Contagion: Cant get into the other state.
Contagion: Can't get into the other state. Warner Bros. Pictures

Steven Soderbergh's 2011 film Contagion gets much of the science, virology, of a pandemic right: how it starts, how quickly it spreads (the R0—the reproduction number for an infectious disease), how the methods to contain it work in the absence of a vaccine (social distancing, face masks, aggressive monitoring, and so on). Those are all in the film. In fact, "social distancing" is mentioned in a CNN interview between Sanjay Gupta playing Sanjay Gupta and Laurence Fishburne playing a leading scientist in the Centers for Disease Control and Prevention. But the film is less successful when it comes to the cultural and economic impact of the pandemic (the food supply chain collapses, looting is rampant, suburbs are menaced by roving packs of thieves, and so on). The virus in the movie, EV-1 (it's based on the "bat-borne Nipah virus, which was identified in 1999 when an outbreak caused brain and lung disease in pigs and people in Malaysia"), is more dramatic than our melancholy ("live alone, die alone") COVID-19, and so is more likely to cause panic. (With EV-1, you begin coughing, you soon foam at the mouth, you die in a matter of days.)

Nevertheless, the film imagines that each state in the US will block the entry and exit of civilians. This part of the film's prediction is of great interest because in the real world of COVID-19, it's the movement between nations that has been banned or is tightly controlled. I you are in the US, you can still fly to Georgia or Texas or Tennessee if you want, but you can't fly to Europe or China (the origin of the virus in the movie and in reality). This management of travel seemed reasonable enough when all the states were more or less committed to social distancing. But what happens when the reopening of economies is not uniform? What happens when Washington has reduced the infection rate of coronavirus to manageable levels, but Texas or Georgia has not?

The number of infections is rising in Georgia. And some models expect that the death count in that hasty state will double in three months.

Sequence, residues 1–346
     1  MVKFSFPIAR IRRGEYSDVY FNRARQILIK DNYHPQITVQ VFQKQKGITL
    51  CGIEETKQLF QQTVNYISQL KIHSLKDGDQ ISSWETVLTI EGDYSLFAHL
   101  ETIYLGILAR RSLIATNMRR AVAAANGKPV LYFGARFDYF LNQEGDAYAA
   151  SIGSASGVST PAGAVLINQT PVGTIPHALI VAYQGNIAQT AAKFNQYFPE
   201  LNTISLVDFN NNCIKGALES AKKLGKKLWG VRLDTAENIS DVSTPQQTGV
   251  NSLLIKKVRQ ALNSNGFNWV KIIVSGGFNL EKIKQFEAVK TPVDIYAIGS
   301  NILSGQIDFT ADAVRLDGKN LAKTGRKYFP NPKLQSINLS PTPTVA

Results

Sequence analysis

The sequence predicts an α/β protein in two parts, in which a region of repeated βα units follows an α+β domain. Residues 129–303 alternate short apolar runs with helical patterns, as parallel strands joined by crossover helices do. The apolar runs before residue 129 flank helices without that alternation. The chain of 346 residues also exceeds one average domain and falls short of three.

As some Southeastern US states start to reopen, Georgia is projected to see its number of daily Covid-19 deaths nearly double by early August, according to a model shared by the US Centers for Disease Control and Prevention and created by independent researcher Youyang Gu.

What will happen when states that paid the heavy price of long-term social distancing to renew some semblance of normalcy, as regards social behavior, have borders that are wide open to states that did not? Washington, for example, will likely be shut down for much of May. The result of this action will certainly be a considerable reduction in the spread of COVID-19 within its borders and, significantly, within its hard-hit population centers. But what does all of this hard work amount to when people from profligate Georgia or Texas or Tennessee can just fly right into Washington and go about their business? What a waste of time all these weeks of being at home will be for Washingtonians.

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Keith Eldridge of KOMO asked this very question to Gov. Jay Inslee on April 28 (start at 32:49). He wanted to know if the governor would restrict travel ("flying in or driving in") from places that opened their economies prematurely and, as a predictable consequence, are dealing with a sharp resurgence of the virus. Inslee's answer: "We do not have any current plans to do that. And I really hope that will not be necessary." Hope? There is room for just hope (hope alone) in this pandemic world?

Inslee then quickly moved to the next question, because clearly this one, about controlling border movements, was the elephant in the room. This is the bridge Inslee only wants to think about when it is time to cross it. The problem is, that time isn't far from now.

By the way, Trump is in Contagion. Oddly enough, he is played by Jude Law, "an avaricious freelance journalist Alistair Krumwiede [who spreads] lies online about a false cure [to the virus] made from the flowering plant forsythia."